From a European perspective we can be proud, too: European stakeholders have been very active in the transition discussions, with in particular several positions of co-chairs of working groups held by Europeans. Several of these co-chairs joined us at a recent event on Internet Governance held by the European Internet Forum (EIF) in Brussels, where during his keynote intervention Fadi Chehade underscored how our region’s participation, with its vast experience in building collaborative institutions, has brought strong input into both the structural aspects of the transition, and the accountability and governance work.
The Multistakeholder model comes out of this process not just as the proven way of coordinating the management of critical Internet resources, but more importantly, it is reinforced as a crucial method for handling the complex, transnational endeavours of our global age.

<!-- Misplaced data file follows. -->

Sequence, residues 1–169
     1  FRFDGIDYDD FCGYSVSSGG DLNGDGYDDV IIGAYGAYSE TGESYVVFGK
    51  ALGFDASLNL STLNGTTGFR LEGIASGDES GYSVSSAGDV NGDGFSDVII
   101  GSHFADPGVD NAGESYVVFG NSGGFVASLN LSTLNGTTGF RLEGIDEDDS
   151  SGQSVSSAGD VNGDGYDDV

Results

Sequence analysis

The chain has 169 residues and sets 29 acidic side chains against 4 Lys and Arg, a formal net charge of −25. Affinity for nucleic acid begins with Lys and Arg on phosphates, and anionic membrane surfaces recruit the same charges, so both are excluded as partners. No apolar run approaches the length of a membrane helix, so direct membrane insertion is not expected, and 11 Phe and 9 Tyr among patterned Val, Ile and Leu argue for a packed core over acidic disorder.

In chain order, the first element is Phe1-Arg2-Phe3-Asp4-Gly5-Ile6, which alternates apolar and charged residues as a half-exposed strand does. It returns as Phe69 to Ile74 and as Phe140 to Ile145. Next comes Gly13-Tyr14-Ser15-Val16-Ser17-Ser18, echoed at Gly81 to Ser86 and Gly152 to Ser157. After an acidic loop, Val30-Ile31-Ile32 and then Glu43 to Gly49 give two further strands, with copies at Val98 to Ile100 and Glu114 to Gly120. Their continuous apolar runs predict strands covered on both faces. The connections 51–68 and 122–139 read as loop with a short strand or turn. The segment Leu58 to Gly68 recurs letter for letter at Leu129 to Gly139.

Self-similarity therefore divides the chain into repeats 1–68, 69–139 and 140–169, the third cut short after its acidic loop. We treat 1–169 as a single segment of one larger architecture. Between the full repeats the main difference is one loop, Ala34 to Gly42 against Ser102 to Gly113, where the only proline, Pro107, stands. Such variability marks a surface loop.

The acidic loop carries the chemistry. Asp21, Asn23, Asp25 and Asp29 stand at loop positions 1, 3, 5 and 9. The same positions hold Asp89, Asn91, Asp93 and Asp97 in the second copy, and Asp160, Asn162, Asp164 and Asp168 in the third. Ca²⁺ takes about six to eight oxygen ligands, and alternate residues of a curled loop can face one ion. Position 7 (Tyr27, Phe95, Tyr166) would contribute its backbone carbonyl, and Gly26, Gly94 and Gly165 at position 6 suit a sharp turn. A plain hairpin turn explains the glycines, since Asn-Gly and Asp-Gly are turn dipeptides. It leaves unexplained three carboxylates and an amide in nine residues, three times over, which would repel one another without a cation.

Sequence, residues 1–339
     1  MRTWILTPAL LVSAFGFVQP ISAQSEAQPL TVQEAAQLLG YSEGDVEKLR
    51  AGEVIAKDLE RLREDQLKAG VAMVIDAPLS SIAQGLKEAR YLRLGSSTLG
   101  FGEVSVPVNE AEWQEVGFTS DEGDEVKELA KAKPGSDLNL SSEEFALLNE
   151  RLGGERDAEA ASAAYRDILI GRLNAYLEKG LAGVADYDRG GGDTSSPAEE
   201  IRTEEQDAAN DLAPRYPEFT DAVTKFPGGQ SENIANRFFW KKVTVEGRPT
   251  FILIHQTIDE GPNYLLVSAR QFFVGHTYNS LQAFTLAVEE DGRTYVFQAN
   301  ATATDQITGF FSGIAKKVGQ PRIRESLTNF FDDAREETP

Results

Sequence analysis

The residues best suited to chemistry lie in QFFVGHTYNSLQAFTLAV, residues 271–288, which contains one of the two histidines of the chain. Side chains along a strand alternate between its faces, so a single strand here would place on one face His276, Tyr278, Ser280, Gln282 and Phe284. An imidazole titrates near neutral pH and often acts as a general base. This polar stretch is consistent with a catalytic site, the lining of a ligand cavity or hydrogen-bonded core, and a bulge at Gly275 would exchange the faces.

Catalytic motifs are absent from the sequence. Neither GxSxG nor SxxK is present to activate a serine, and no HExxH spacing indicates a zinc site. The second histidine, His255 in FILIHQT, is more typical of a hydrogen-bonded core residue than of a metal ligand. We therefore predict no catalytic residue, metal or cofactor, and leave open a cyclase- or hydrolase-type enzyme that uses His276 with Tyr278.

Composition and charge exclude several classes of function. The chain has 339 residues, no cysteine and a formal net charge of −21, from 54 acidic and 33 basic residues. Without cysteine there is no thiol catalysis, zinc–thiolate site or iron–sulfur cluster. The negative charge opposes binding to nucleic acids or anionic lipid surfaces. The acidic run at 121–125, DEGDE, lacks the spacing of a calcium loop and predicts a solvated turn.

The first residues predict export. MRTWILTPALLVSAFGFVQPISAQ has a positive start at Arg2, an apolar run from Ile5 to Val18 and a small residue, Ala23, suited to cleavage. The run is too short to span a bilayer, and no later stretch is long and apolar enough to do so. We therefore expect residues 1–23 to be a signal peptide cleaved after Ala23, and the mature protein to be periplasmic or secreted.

Our community should be proud to have pioneered and evolved this system which drives successful global cooperation – a worthy direction for the future.
Originally posted on: ICANN blog
photo credit: Eric Fischer
This could be a critical year for the governance of the Internet. A plan for transferring the US stewardship of the IANA functions to the global community is expected to come to life by next September. Post-WCIT tensions over the role of countries in managing the web may come to a showdown at the WSIS+10 high-level conference to be held next December in New York.
And while the UN General Assembly is likely to extend the mandate of the IGF, an essential platform for policy dialogue, many other Internet Governance issues such as privacy, cybersecurity and net neutrality will be debated more than ever in countless international venues. If it wants to carry some weight with the Internet “big game”, Europe cannot afford to play with 28 different national teams. It should speak with one voice out of a clear and bold vision.